STARKVILLE, Miss. -- Wild animals are amazing for many reasons. Whether it’s flying high in the sky, singing beautiful songs or simply displaying the amazing colors and patterns of their feathers or fur, wild creatures attract people. So, when we come upon an injured or sick animal, in most cases, we want to help it any way possible.

December 11, 2015 - Filed Under: Wildlife

STARKVILLE, Miss. -- So, you have finally worked up the nerve to ask that landowner for permission to hunt his property for the upcoming hunting season, and he said yes.

The English language is filled with idioms about wildlife, including “birds of a feather flock together,” the way these wild turkeys have gathered in a field. (Submitted photo)
December 18, 2015 - Filed Under: Urban and Backyard Wildlife

STARKVILLE, Miss. -- “Birds of a feather . . .” Can you finish this sentence?

If you answered, “birds of a feather flock together,” you would be right. Wild animals are part of American culture, found in our literature, art and sports team names. Even for those who do not hunt, fish or live in wild places, wildlife may be a part of their lives.

Mississippi is home to several species of cicadas, including this annual cicada. (Photo by MSU Extension Service/Kat Lawrence)
December 21, 2015 - Filed Under: Insects-Forage Pests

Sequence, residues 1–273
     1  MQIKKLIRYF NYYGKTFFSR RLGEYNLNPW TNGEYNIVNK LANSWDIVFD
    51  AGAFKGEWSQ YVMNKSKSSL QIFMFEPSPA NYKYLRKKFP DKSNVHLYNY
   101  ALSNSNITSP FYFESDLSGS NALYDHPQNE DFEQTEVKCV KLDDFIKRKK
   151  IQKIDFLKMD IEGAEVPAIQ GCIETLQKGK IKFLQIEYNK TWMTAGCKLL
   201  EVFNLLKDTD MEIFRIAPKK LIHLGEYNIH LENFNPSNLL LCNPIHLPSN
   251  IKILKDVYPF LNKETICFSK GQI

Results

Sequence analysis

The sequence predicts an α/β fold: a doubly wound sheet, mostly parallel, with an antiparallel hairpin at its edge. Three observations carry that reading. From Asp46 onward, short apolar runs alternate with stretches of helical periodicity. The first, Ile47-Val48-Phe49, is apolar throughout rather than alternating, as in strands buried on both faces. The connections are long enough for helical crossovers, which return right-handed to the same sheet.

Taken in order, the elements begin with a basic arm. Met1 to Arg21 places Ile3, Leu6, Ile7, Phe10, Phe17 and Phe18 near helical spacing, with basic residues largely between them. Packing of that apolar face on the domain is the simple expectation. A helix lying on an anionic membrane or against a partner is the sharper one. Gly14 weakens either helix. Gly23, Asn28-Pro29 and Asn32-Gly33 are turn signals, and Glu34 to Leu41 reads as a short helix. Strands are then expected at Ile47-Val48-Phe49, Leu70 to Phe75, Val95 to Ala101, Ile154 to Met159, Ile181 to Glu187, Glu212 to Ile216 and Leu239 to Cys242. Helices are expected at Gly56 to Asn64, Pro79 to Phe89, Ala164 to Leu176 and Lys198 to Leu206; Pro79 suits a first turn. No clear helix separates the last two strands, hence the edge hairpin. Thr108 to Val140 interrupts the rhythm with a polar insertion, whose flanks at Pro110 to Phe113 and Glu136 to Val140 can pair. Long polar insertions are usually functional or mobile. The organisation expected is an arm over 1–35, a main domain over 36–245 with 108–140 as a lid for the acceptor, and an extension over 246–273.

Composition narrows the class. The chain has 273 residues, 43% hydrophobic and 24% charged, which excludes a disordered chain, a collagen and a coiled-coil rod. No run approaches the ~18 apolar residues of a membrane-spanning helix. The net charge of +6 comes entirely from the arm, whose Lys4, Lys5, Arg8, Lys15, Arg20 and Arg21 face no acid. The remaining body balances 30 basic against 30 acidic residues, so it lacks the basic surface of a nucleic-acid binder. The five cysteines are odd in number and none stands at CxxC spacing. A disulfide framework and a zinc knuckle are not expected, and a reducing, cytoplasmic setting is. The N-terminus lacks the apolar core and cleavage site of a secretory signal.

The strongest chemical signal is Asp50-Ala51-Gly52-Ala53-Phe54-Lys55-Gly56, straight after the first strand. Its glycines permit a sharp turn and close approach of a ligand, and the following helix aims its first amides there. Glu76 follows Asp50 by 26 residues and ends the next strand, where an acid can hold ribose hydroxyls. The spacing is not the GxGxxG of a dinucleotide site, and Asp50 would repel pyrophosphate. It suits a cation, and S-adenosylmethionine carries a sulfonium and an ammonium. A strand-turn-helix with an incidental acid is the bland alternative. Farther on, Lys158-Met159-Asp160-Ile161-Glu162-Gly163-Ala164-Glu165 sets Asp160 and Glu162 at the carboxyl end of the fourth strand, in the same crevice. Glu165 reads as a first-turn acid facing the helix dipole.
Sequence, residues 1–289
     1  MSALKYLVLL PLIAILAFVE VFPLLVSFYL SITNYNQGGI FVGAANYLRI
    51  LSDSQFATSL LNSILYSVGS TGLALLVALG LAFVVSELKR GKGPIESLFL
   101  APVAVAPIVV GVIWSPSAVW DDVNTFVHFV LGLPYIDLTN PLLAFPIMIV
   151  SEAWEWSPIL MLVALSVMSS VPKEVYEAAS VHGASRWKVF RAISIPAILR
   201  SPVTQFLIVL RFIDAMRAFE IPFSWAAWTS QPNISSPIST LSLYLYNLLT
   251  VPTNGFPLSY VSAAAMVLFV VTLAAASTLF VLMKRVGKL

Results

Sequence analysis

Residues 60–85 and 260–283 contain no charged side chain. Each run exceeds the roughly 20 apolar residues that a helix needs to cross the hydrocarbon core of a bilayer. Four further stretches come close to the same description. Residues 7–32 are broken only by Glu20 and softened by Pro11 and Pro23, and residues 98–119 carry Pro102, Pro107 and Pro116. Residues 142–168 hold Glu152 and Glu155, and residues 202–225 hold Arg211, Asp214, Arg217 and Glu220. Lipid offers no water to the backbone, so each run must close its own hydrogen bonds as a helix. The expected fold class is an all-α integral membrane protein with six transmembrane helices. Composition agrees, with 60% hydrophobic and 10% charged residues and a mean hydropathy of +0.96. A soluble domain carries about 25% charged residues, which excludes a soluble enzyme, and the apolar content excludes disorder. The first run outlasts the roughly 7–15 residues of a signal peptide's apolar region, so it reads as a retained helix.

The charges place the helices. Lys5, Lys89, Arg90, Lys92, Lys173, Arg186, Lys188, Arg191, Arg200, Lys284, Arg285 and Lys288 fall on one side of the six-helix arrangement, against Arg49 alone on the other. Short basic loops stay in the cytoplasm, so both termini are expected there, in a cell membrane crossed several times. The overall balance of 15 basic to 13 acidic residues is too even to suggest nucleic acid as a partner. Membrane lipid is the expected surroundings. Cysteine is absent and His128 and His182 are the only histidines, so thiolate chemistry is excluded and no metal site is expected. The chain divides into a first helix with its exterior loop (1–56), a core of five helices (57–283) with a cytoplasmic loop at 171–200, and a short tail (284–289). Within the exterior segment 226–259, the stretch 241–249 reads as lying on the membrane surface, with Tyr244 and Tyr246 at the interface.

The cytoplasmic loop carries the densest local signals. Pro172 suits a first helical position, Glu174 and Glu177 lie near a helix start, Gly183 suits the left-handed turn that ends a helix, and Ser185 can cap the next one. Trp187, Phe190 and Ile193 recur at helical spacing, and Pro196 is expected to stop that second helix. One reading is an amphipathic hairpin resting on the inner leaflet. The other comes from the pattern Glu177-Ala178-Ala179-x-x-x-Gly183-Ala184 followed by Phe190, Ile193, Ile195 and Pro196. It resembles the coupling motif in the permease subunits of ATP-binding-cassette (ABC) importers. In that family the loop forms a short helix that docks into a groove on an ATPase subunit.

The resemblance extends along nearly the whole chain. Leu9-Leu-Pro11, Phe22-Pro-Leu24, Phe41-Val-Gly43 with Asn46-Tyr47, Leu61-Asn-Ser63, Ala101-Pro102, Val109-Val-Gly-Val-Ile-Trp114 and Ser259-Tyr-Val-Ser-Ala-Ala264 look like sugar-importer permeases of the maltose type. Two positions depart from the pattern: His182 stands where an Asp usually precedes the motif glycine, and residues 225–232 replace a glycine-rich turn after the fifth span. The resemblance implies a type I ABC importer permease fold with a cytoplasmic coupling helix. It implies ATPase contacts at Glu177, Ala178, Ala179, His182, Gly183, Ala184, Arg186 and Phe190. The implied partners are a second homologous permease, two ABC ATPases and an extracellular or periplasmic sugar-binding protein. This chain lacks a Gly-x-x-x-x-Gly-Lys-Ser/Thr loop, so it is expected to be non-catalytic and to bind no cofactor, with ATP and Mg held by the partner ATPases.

STARKVILLE, Miss. -- While many humans anticipate making certain changes with the arrival of a new year, certain insects have much different life cycles.

Periodical cicadas may anticipate emerging from the ground in 2016, while others may simply have to wait a few more years to see the light of day.

Cicadas are curious creatures. From beady eyes on the sides of their heads to prominent veins stretching across their glassy wings, they seem to be created from the Twilight Zone. Yet, they produce one the most common sounds of summer.

Migration is one of the ways wild creatures, such as these Canada geese, adapt to the onset of colder weather. (Photo by MSU Extension Service/Kat Lawrence)
December 25, 2015 - Filed Under: Urban and Backyard Wildlife

STARKVILLE, Miss. -- Winter months bring short days of weak sunlight, cold nights and icy rain. Even though Southern states have relatively mild winters, the more extreme weather conditions make life more difficult.

We humans hide indoors in furnace-warmed air, put on layers of clothing to combat the chill and use insulated coats, hats and gloves when forced to go outside. But what about the creatures that live outdoors? How do they survive until spring’s warm breezes and sunshine once again return?